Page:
1 I.The Nature of Solutions p 118 REVIEW BOOK HW P 120 Q 1 TO 7 Solutions
2 MARCH 29 DEFINITIONS – SOLUTION – SOLUTE – SOLVENT – HOMOGENEOUS MIXTURE CONCENTRATION – DILUTE VS CONCENTRATED THE NATURE OF SOLUTIONS SOLVATION SOLUBILITY FACTORS THAT AFFECT SOLUBILITY
3 Some Definitions A solution is a HOMOGENEOUS mixture of 2 or more substances in a single phase. One constituent is usually regarded as the SOLVENT and the others as SOLUTES.
4 A. Definitions Solution -Solution - homogeneous mixture Solvent Solvent - present in greater amount Solute Solute - substance being dissolved
5 Parts of a Solution SOLUTE – the part of a solution that is being dissolved (usually the lesser amount). Uniformly spread in the solvent SOLVENT – the part of a solution that dissolves the solute (usually the greater amount) Solute + Solvent = Solution
6 What happens when a solute dissolves in a solvent? Solvation –Solvation – the process of dissolving solute particles are separated and pulled into solution solute particles are surrounded by solvent particles
7 How Does a Solution Form? As a solution forms, the solvent pulls solute particles apart and surrounds, or solvates, them.
8 B. Solvation DissociationDissociation –separation of an ionic solid into aqueous ions –Attractions between H 2 O and ions : molecule ion attractions NaCl(s) Na + (aq) + Cl – (aq)
9 APRIL 2 Characteristics of a liquid solution Types of solution Solubility and factors that affect it
10 CHARACTERISTICS OF A LIQUID SOLUTION 1.- Homogeneous mixtures, particles are evenly spread. 2.- Dissolved particles are too small to be seen, therefore solutions are clear and do not disperse light. 3.- Can not be separated by filtration. Dissolved particles are too small and will pass trough any filter. 4.- Stable. Dissolved particles will not come out of the solution and will not settle.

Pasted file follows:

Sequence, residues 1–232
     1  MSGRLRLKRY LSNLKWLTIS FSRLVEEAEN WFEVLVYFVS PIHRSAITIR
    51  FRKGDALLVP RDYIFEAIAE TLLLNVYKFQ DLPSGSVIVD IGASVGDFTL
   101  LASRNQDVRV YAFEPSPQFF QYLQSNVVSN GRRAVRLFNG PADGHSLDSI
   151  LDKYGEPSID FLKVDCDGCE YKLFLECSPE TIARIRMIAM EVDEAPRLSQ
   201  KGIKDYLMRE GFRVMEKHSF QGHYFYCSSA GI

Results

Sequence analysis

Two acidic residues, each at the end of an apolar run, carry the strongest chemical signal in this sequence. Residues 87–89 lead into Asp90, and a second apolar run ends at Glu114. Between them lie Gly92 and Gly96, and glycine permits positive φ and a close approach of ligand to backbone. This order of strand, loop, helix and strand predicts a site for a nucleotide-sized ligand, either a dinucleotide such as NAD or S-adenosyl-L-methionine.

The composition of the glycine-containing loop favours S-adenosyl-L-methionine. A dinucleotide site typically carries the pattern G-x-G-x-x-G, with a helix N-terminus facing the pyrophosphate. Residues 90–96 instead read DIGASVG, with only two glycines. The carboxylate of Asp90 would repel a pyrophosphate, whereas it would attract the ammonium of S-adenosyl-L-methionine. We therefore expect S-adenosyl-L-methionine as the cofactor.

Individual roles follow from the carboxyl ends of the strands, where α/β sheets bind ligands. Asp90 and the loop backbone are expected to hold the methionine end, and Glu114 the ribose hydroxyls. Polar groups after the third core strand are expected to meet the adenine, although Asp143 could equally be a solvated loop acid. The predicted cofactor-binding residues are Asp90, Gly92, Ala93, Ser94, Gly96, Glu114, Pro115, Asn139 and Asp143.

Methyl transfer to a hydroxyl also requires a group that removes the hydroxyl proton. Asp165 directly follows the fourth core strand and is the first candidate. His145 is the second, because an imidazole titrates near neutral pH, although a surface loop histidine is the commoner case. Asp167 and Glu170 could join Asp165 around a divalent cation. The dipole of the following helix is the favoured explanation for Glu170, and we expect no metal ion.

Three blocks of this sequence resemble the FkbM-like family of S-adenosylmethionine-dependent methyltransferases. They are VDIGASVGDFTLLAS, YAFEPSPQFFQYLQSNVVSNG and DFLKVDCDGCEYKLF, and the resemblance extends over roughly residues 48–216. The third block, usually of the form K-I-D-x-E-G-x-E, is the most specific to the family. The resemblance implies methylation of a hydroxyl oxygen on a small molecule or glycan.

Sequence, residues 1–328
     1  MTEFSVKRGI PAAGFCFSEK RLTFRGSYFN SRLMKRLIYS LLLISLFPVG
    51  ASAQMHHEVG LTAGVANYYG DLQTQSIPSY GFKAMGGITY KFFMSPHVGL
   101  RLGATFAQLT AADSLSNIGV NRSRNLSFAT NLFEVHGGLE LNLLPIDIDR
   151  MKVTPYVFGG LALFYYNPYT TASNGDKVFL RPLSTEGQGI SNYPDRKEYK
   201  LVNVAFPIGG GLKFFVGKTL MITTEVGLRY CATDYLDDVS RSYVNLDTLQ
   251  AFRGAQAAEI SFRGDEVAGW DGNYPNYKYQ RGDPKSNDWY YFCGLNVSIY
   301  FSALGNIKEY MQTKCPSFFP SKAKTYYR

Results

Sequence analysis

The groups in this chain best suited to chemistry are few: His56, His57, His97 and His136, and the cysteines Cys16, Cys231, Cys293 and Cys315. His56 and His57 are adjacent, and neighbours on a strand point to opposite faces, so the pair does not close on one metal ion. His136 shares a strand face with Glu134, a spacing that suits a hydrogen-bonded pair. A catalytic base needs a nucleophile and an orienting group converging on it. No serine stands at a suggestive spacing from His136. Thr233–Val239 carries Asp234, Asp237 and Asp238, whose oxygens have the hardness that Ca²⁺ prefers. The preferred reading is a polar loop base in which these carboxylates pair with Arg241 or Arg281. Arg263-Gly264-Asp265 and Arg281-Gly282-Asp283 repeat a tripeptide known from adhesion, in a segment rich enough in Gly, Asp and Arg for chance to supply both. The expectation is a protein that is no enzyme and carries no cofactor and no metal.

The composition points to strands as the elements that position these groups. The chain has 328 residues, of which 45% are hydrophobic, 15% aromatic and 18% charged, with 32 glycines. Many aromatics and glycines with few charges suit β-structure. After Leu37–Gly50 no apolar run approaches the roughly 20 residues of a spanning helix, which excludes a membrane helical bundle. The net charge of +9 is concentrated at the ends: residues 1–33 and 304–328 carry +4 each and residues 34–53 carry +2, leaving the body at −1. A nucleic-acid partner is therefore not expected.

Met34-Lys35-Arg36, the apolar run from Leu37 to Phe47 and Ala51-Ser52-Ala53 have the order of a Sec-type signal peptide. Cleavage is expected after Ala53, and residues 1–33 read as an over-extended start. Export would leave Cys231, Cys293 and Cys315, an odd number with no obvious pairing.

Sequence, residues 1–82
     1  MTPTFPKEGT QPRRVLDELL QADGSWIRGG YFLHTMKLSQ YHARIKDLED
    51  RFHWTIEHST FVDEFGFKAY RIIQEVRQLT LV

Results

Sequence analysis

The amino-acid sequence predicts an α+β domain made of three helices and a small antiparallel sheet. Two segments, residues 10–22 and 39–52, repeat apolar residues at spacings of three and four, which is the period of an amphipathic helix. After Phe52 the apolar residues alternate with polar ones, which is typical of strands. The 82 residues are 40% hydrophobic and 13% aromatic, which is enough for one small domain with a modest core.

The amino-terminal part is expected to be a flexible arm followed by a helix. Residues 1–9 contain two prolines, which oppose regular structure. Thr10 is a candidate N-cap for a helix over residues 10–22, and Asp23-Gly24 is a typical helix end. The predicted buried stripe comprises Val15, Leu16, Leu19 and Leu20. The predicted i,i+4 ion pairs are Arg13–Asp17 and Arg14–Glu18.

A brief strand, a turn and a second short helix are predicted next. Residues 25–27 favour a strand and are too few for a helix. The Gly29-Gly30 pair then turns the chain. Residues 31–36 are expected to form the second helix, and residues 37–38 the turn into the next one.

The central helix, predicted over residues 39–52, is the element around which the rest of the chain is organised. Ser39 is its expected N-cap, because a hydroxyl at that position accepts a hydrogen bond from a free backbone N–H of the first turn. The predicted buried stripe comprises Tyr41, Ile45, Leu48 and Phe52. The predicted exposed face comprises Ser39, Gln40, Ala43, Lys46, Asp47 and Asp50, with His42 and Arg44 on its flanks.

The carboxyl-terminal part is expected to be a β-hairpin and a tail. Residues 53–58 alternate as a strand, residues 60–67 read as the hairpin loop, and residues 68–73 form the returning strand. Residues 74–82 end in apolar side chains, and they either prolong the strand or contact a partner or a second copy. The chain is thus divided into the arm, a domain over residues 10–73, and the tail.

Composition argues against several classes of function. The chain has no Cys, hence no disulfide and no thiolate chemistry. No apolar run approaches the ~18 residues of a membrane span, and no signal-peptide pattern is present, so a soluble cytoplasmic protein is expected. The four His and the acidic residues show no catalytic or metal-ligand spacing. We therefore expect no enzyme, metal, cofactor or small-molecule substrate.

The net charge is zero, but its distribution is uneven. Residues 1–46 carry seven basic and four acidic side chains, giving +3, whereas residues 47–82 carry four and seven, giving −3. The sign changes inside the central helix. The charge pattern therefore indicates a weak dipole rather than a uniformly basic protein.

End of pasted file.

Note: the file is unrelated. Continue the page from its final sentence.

11 Solutions are not always liquids Solutions are homogeneous mixtures of two or more pure substances. In a solution, the solute (present in smaller amount) is dispersed uniformly throughout the solvent (present in largest amount).
12 Solutions Homogeneous mixtures. Solvation is the process by which the solution forms.
13 CONCENTRATION The amount of solute in the solution. Relative terms Diluted: Small amount of solute in relation to the amount of solvent Concentrated: Large amount of solute in relation with the solvent.
14 Solubility A measure of how much solute can be dissolved in an amount of solvent at a given temperature.
15 A substance can be… Soluble in a solvent. Example: sugar is soluble in water. Miscible is the term used when the two components are liquids. Example: alcohol and water are miscible Insoluble in a solvent Example: sand is insoluble in water. Immiscible is the term used when the two components are liquids. Example: oil and water are immiscible
16 What affects Solubility? 1. Nature of Solute Temperature 2. Temperature 3. Pressure * graph
17 Nature of Solute A polar solute molecule (alcohol) dissolves in a polar solvent (water). A nonpolar solute (oil paint) dissolves in a nonpolar solvent (turpentine) “ Like Dissolves Like”